News Digest

Stay in car after accident

The Wisconsin State Patrol advises motorists to stay inside their vehicles if at all possible after a wintertime crash or sliding off the road.

Video footage of a massive crash near Germantown (www.youtube.com/watch?v=XHC27viPYtA) on Sunday, Dec. 8, clearly shows the dangers of wintertime driving in Wisconsin. Although immense chainreaction pile-ups are still quite rare, other single- and multiple-vehicle crashes as well as slide-offs are all too common this time of year.

To protect themselves after their vehicle has crashed or slid off a road, drivers and passengers are advised to stay inside their vehicles if at all possible, according to the Wisconsin State Patrol.

“If you are outside your vehicle, you have little or no protection against vehicles that can easily slide out of control on slippery roads. Your vehicle provides protection if you remain inside it with your safety belt fastened,” said David Pabst, director of the State Patrol Bureau of Transportation Safety. “Unless you absolutely have to get out of your vehicle for an emergency, stay inside it, buckle up, call 911 on a cell phone or wait for a law enforcement officer to arrive.”

The Wisconsin Department of Transportation’s web site (www.dot.wisconsin.gov/safety/motorist/winterdriving/stranded.htm) offers other common sense suggestions in case you crash or are stranded in wintertime.

Y-Koda sets Winter Break Day Camp

Camp Y-Koda in Sheboygan Falls will host a Winter Break Day Camp during the final week of December.

The camp will take place Dec. 23, 26, 27, 30 and 31, from 8:30 a.m. to 4 p.m. Activities will include sledding, snowshoeing, building forts and keeping warm around the campfire.

Participants are invited to sign up for one day, a few days or all five days. Extended care and busing are available for the camp, which is open to kids age 4-12.

Pre-registration is required. Registration forms can be found at the Sheboygan Falls YMCA and the Sheboygan YMCA.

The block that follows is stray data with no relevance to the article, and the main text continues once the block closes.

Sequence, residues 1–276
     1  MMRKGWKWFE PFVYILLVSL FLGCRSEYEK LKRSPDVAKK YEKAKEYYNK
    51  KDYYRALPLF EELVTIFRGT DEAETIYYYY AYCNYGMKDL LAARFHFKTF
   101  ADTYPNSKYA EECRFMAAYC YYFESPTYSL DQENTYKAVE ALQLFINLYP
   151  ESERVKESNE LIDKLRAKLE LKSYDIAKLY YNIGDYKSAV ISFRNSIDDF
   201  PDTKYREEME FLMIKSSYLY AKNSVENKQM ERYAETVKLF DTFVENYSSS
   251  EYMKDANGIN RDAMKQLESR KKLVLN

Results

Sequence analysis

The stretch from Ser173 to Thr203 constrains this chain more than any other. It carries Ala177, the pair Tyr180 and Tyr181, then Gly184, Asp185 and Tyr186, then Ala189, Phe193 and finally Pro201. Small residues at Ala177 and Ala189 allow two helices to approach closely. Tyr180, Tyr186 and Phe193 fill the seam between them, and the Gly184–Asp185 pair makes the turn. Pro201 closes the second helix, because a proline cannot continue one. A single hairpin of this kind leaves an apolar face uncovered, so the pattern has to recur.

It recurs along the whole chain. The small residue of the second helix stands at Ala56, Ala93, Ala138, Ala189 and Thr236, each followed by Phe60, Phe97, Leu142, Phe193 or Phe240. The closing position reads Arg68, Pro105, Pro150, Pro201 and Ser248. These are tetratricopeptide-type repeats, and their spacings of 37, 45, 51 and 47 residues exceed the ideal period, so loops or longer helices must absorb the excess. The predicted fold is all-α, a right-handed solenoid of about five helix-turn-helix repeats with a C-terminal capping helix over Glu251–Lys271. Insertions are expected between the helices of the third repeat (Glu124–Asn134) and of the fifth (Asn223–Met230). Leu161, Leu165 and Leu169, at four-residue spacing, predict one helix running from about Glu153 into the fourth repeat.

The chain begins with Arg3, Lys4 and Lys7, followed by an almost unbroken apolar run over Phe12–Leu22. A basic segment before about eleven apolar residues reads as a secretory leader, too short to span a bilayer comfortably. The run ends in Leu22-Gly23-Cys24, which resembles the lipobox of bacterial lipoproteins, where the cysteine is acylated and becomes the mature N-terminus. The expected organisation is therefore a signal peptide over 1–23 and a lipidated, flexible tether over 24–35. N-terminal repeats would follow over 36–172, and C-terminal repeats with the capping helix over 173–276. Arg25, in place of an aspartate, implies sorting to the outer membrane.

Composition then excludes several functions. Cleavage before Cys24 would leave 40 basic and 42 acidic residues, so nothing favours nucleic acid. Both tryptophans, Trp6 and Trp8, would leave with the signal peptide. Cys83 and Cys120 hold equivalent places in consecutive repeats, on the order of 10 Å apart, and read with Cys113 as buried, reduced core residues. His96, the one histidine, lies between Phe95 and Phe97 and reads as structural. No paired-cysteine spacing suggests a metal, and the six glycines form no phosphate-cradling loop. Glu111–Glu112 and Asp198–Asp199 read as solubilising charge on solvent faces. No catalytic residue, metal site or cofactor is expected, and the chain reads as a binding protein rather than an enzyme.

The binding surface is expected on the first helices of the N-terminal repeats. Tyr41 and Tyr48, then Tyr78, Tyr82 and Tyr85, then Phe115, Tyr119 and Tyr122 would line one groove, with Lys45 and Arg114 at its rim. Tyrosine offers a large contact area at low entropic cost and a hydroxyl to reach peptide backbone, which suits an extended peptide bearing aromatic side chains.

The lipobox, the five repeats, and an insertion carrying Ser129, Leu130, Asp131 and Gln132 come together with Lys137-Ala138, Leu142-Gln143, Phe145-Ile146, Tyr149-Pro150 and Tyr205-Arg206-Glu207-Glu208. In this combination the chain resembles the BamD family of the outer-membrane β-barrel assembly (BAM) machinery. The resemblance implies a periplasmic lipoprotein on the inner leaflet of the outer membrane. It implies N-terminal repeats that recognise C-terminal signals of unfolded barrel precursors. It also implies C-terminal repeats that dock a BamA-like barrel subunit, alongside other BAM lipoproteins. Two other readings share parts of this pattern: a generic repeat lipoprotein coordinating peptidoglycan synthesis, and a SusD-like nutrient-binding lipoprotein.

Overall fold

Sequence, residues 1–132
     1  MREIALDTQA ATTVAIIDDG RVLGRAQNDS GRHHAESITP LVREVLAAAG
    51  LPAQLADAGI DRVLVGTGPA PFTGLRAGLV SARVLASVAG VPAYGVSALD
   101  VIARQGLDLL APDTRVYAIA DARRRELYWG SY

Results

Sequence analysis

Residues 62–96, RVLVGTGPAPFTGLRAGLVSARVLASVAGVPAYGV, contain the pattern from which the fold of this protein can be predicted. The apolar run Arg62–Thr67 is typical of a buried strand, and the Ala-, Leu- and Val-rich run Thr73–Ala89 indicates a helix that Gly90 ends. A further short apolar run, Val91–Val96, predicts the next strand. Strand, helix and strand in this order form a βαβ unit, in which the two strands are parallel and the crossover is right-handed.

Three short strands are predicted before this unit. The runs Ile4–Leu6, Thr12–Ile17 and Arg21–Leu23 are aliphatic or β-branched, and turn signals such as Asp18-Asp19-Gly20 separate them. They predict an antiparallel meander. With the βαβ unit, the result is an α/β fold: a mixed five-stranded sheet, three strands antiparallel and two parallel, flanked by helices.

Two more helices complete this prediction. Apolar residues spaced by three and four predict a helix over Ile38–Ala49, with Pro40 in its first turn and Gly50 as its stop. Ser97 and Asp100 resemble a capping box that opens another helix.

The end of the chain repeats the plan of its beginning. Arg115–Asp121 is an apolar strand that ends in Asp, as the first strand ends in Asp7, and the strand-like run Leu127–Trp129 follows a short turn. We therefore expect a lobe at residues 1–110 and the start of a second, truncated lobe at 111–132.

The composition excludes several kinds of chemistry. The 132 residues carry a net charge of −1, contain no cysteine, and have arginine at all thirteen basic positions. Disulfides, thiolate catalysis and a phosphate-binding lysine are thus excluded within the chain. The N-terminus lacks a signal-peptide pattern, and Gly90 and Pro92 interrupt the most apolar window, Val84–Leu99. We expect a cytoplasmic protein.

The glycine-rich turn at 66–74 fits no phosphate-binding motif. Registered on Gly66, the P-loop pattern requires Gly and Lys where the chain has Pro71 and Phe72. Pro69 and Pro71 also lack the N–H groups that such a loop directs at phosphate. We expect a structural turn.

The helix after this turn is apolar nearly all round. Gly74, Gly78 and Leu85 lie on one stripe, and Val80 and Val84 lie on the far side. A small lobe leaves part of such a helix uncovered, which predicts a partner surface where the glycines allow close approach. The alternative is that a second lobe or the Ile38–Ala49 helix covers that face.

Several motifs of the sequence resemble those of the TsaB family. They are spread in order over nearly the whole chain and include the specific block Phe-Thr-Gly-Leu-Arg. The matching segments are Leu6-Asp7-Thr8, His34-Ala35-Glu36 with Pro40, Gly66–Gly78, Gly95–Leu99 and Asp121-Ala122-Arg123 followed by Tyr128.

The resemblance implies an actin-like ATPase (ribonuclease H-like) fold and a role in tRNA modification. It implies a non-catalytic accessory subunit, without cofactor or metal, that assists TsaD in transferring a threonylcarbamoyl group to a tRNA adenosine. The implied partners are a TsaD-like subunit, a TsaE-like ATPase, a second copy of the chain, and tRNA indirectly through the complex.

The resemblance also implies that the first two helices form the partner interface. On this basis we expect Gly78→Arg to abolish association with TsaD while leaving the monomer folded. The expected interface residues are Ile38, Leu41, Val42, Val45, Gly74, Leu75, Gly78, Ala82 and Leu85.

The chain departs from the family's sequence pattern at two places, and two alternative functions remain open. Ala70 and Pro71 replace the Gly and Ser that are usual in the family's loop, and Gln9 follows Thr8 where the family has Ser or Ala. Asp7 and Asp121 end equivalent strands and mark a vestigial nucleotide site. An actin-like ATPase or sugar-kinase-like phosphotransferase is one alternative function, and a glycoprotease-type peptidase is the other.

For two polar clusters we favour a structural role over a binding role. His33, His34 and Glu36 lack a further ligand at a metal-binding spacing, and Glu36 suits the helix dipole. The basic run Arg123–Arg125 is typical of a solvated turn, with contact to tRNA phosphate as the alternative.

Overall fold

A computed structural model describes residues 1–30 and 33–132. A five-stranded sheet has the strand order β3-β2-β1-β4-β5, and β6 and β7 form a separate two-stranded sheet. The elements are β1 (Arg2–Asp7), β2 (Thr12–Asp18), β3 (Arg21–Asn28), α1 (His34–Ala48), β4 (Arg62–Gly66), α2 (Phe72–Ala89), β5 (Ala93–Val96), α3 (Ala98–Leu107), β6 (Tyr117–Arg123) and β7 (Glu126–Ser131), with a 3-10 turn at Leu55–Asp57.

For more information, call Camp Y-Koda at 467-6882 or visit http://sheboygancountyymca.org/camp-y-koda/

BBBS water park pass fundraiser

Big Brothers Big Sisters of Sheboygan County is currently selling water park passes for Breaker Bay at The Blue Harbor Resort.

These passes are $12 each which is a $4 to $8 savings off regular prices and are good for adults and children. They can be used any day of the week, including weekends.

The passes can be used by anyone and are good to use until Sept. 1, 2014.

All proceeds go to Big Brothers Big Sisters of Sheboygan County.

Passes are available at the Big Brothers Big Sisters office, located at 2020 Erie Ave. in Sheboygan, from 8 a.m.-5 p.m. Monday through Friday. Check payments will also be accepted through the mail.

For more information, call Big Brothers Big Sisters at 458-0111.

DNR board adjusts shoreland rules

The State Natural Resources Board has approved changes to minimum statewide shoreland zoning standards aimed at providing more flexibility for property owners and making the standards more straightforward for counties to implement.

The board also acted to extend to May 1, 2016, the deadline for counties to adopt the changes in their ordinances or adopt more protective standards. The rules must now go to the governor and legislative committees for review.

The unanimous votes to changes of Natural Resources Chapter 115 of the Wisconsin Administrative Code came after representatives from several organizations and individuals spoke before the board both for and against the changes.

DNR Secretary Cathy Stepp told board members and the speakers that the rule changes were necessary because after DNR revised the minimum statewide shoreland zoning standards effective in 2010, some counties expressed concerns that the revisions would be administratively difficult to implement and enforce.

Stepp said the resulting changes, developed with a stakeholder group and through public hearings, “try to strike a balance of common sense, implementability and achieving that goal of better water quality.”

The revised rules allow more options for regulated hard or “impervious” surfaces on waterfront properties. Under the changes approved by the Natural Resources Board, base limits on impervious services would remain at 15 percent, but counties could allow up to 40 percent for residences, and up to 60 percent for commercial, industrial or business land, within specified urbanized areas where the shoreline is already highly developed.

The changes approved by the board also will allow counties to consider when the water drains to a system designed to treat the runoff when calculating impervious surface percentages.

The approved rule changes also allow more options for expansion of “nonconforming” homes closer than the currently required 75-foot setback from the shoreline.

The current rule limits expansion to expanding vertically in the same footprint; the rule changes allow some sideways expansion as well.


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